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Review: Unclean

Does our focus on purity hinder us from showing mercy

The concept of purity in relation to sexual integrity is under scrutiny. 

While most of us, especially people of faith, understand purity as a positive quality, the messages of the purity culture, according to critics, can be quite harmful, particularly to teenage girls.


Related: Review: Pure


Richard Beck. Unclean: Meditations on Purity, Hospitality, and Mortality. Portland, Ore.: Wipf and Stock, 2011. 212 pages.

Richard Beck. Unclean: Meditations on Purity, Hospitality, and Mortality. Portland, Ore.: Wipf and Stock, 2011. 212 pages.

In the midst of this debate, Richard Beck’s Unclean: Meditations on Purity, Hospitality, and Mortality is a valuable resource. Beck, professor of psychology at Abilene Christian University, delves into the human psyche, the psychology of concepts such as purity and disgust and the ways we are wired to respond to things we find unclean.

Beck connects his findings to the way these responses negatively affect the life of the church.

He acknowledges that he is an experimental psychologist — not a theologian or biblical scholar — but he writes this book for the church. His intent is to make a case for the way psychological factors affect the way we reflect on God. 

Centering his argument on the tension between mercy and sacrifice illustrated in the Pharisees’ criticism of Jesus in Matthew 9, Beck digs into what lies at the heart of this tension. In the case of the Pharisees’ judgment against Jesus for associating with sinners, purity (a sacrificial impulse) replaces morality (a mercy impulse).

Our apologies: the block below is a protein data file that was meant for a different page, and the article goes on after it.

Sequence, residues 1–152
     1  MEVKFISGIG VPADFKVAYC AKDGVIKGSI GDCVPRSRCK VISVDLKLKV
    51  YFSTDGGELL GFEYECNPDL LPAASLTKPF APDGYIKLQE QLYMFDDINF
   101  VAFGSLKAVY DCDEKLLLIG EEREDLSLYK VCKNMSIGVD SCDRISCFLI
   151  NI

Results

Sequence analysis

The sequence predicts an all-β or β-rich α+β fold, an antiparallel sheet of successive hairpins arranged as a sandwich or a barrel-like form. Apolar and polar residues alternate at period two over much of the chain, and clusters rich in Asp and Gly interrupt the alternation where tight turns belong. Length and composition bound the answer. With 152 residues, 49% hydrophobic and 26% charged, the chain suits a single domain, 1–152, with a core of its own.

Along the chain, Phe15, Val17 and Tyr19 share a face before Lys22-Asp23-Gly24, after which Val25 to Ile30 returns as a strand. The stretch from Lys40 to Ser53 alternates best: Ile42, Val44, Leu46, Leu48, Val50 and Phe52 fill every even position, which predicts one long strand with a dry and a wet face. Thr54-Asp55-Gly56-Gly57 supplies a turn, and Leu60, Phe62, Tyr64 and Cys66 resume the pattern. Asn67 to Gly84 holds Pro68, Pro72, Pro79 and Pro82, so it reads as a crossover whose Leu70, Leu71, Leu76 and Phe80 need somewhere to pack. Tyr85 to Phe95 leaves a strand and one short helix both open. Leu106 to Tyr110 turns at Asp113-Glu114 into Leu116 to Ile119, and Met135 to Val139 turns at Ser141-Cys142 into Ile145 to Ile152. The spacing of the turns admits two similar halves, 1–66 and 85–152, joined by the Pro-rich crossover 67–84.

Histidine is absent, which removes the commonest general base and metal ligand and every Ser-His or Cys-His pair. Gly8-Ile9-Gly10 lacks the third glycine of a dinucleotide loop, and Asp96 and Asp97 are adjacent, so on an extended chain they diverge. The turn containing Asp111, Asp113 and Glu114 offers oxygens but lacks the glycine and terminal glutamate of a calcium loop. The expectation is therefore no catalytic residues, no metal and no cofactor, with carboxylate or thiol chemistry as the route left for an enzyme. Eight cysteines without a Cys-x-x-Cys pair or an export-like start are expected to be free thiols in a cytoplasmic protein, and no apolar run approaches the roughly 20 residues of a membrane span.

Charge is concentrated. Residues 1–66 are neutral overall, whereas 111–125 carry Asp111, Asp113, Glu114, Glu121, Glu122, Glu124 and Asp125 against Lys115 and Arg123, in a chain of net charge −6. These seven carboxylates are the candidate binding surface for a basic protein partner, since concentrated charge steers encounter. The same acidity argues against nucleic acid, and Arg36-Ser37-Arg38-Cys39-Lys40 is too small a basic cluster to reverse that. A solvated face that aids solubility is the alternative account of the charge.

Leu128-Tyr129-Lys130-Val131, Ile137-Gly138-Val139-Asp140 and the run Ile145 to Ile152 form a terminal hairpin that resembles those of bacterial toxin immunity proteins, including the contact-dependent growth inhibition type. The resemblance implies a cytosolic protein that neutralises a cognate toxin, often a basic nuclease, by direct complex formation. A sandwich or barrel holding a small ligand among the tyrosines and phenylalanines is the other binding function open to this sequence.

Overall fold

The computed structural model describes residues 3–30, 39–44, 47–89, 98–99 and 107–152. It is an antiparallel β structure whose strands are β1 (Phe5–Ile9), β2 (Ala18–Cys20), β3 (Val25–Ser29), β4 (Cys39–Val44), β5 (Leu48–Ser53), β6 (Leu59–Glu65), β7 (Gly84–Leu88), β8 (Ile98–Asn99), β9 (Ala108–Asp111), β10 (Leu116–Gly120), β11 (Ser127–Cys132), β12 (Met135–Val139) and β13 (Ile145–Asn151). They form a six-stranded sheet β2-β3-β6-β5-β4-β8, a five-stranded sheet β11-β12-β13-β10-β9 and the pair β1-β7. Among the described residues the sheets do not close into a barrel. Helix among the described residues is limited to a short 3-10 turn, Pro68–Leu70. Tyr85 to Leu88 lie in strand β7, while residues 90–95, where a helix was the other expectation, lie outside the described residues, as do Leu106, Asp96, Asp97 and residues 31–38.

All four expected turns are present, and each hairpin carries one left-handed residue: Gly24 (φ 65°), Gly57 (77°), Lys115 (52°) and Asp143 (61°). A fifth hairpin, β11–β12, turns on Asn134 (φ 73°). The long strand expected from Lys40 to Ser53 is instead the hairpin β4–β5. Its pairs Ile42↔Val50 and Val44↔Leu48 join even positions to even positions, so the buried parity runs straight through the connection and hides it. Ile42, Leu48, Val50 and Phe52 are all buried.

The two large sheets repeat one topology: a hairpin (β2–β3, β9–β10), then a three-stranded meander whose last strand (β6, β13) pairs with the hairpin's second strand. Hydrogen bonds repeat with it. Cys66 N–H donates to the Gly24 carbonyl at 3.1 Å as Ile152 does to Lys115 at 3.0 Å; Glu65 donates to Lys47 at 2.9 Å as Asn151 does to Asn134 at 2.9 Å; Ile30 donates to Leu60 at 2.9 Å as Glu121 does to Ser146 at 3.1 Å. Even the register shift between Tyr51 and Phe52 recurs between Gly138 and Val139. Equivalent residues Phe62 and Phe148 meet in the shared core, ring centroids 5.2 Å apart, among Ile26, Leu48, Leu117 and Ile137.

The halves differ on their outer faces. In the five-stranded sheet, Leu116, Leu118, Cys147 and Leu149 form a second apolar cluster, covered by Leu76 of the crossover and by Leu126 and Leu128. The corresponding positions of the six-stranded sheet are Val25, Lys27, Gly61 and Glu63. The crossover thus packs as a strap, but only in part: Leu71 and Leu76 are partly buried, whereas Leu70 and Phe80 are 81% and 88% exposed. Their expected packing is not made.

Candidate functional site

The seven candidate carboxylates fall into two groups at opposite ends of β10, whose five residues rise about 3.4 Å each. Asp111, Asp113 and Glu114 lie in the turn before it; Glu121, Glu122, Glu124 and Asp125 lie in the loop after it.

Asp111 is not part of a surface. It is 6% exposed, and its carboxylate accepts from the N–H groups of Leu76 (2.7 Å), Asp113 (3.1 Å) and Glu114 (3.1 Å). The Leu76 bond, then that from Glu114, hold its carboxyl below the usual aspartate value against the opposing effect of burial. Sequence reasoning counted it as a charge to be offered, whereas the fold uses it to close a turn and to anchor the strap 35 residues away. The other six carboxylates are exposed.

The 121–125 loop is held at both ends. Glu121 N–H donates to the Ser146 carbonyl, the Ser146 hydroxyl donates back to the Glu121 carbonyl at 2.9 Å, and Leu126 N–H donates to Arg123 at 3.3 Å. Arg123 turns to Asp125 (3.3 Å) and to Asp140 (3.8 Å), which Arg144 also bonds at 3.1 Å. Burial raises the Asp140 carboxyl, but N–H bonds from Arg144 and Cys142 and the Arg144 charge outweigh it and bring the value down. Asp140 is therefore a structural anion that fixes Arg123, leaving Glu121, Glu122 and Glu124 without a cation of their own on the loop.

In short, purity winds up on the wrong side of what Jesus desires. 

Beck points out that words such as “impure” and “impurity” today are typically only used to describe sexual sin. (If a friend confesses to you that he has been having impure thoughts, you probably don’t assume he’s been thinking about robbing a bank.) Because sexual sin receives this special treatment in churches, a much stronger sense of shame is attached to these sins — regardless of how much we believe that all sins are equal in the eyes of God. 

Deana Nall

Deana Nall | What we’re reading

All sins might be equal, Beck writes, but all metaphors are not.

Readers should be prepared for a crash course in the psychology of the key concepts of Beck’s argument. He pulls in a significant amount of academic research on disgust and the way humans respond to things we label “unclean.” 

But stay with him because he clearly connects these ideas to the church in order to illustrate the way these metaphors can distort the experiences of sin and salvation — and ultimately override mercy in our churches. 

We like to think our responses to certain sins are rooted in our allegiance to scripture. But could it be that we are also reacting in accordance to the ways our brains are wired to respond to disgust? 

All sins might be equal, Beck writes, but all metaphors are not.

It’s worth examining our innate responses to things that we consider impure and the harm those responses can cause to others, ourselves and the church as a whole. After all, we are only human.

Deana Nall works in corporate advertising in Little Rock, Ark. She studied journalism at Abilene Christian University. She and her family worship with the Little Rock Church.

Filed under: Mortality Opinion purity Reviews

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